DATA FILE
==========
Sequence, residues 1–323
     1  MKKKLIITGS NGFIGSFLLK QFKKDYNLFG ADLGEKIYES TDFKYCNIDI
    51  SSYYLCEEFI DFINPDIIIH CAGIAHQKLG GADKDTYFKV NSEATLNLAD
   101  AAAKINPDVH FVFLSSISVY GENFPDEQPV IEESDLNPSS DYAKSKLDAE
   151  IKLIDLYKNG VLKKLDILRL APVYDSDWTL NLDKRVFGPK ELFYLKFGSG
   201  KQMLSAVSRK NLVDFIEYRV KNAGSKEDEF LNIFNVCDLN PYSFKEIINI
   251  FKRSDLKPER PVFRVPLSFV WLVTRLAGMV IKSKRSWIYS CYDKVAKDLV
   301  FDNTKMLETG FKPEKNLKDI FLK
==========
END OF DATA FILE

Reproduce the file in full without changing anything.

Sequence, residues 1–323
     1  MKKKLIITGS NGFIGSFLLK QFKKDYNLFG ADLGEKIYES TDFKYCNIDI
    51  SSYYLCEEFI DFINPDIIIH CAGIAHQKLG GADKDTYFKV NSEATLNLAD
   101  AAAKINPDVH FVFLSSISVY GENFPDEQPV IEESDLNPSS DYAKSKLDAE
   151  IKLIDLYKNG VLKKLDILRL APVYDSDWTL NLDKRVFGPK ELFYLKFGSG
   201  KQMLSAVSRK NLVDFIEYRV KNAGSKEDEF LNIFNVCDLN PYSFKEIINI
   251  FKRSDLKPER PVFRVPLSFV WLVTRLAGMV IKSKRSWIYS CYDKVAKDLV
   301  FDNTKMLETG FKPEKNLKDI FLK